August 20, 2023
One in a series of posts via which HILOBROW’S Josh Glenn will attempt to depict the intellectual and emotional highs and lows of developing a semiotic schema. Series dedicated to its target audience of one: Malcolm Evans.
For whichever “semiosphere” we’re analyzing, ultimately we’re attempting to answer the question: Why is there something rather than nothing? A metaphysical question… but also a question for theoretical physicists.
Our universe is characterized by a physics that follows well-defined rules. For example, the only way bits of mass are pulled together or pushed apart is through a specific force. Physicists have identified four fundamental forces (or fundamental interactions) that govern how objects or particles interact and how certain particles decay. These fundamental interactions describe how matter behaves on the smallest subatomic scales and the largest cosmological scales.
The four forces are gravity, electromagnetism, weak interaction, and strong interaction; each of these can be described mathematically as a field. The gravitational force is attributed to the curvature of spacetime, described by Einstein’s general theory of relativity. The other three are discrete quantum fields, and their interactions are mediated by elementary particles. Electromagnetism (carried by the photon, and creating electric and magnetic fields, which are responsible for the attraction between orbital electrons and atomic nuclei which holds atoms together, as well as chemical bonding and electromagnetic waves, including visible light), weak interaction (carried by W and Z bosons, and acting on the nucleus of atoms, mediating radioactive decay), and strong interaction (carried by the gluon, and responsible for quarks binding together to form hadrons, such as protons and neutrons).
After Wolfgang Pauli postulated the existence of an uncharged invisible particle emitted along with an electron during beta decay (to satisfy the law of conservation of energy), in 1934 Enrico Fermi developed a model that incorporated the postulated particle, which he named the “neutrino.” Due to the very small mass of the neutrino (not zero, but much smaller than all other particles), it does not participate in strong interaction; thus, neutrinos — created by various radioactive decays — typically pass through normal matter unimpeded and undetected.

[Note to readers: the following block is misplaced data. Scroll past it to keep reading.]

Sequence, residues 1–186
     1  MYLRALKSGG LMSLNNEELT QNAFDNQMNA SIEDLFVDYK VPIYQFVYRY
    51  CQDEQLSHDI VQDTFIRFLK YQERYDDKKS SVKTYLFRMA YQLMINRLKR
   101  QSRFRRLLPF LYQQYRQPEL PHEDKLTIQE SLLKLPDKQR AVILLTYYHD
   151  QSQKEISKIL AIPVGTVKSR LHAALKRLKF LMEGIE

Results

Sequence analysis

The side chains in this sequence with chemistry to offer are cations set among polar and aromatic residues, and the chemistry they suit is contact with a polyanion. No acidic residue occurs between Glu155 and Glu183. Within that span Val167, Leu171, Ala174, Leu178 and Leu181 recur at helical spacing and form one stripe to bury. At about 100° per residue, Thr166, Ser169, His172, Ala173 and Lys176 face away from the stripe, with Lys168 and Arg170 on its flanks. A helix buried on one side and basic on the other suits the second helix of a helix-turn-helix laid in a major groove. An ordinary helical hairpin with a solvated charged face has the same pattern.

His theory, later referred to as Fermi’s interaction, is now called weak interaction — one of the four fundamental interactions in nature. The weak nuclear force, or weak force for short, is so named because it is the direct contrast to the strong nuclear force, i.e., the attractive force that binds protons and neutrons to form the nucleus of atoms. (And it’s only weak in contrast to the strong nuclear force; inside the atom, the weak force is a trillion-trillion-trillion times stronger than gravity.) While the three other fundamental forces hold things together, the weak force plays a role in things falling apart, or decaying. In other words: Why there is nothing, rather than something.
PS: Like many nuclear physicists of the time, Fermi contributed to the development of the atomic bomb, but he was also a strong proponent of the use of nuclear power for peaceful purposes.
MORE FURSHLUGGINER THEORIES BY JOSH GLENN: SCHEMATIZING | IN CAHOOTS | JOSH’S MIDJOURNEY | POPSZTÁR SAMIZDAT | VIRUS VIGILANTE | TAKING THE MICKEY | WE ARE IRON MAN | AND WE LIVED BENEATH THE WAVES | IS IT A CHAMBER POT? | I’D LIKE TO FORCE THE WORLD TO SING | THE ARGONAUT FOLLY | THE PERFECT FLANEUR | THE TWENTIETH DAY OF JANUARY | THE REAL THING | THE YHWH VIRUS | THE SWEETEST HANGOVER | THE ORIGINAL STOOGE | BACK TO UTOPIA | FAKE AUTHENTICITY | CAMP, KITSCH & CHEESE | THE UNCLE HYPOTHESIS | MEET THE SEMIONAUTS | THE ABDUCTIVE METHOD | ORIGIN OF THE POGO | THE BLACK IRON PRISON | BLUE KRISHMA | BIG MAL LIVES | SCHMOOZITSU | YOU DOWN WITH VCP? | CALVIN PEEING MEME | DANIEL CLOWES: AGAINST GROOVY | DEBATING IN A VACUUM | PLUPERFECT PDA | SHOCKING BLOCKING.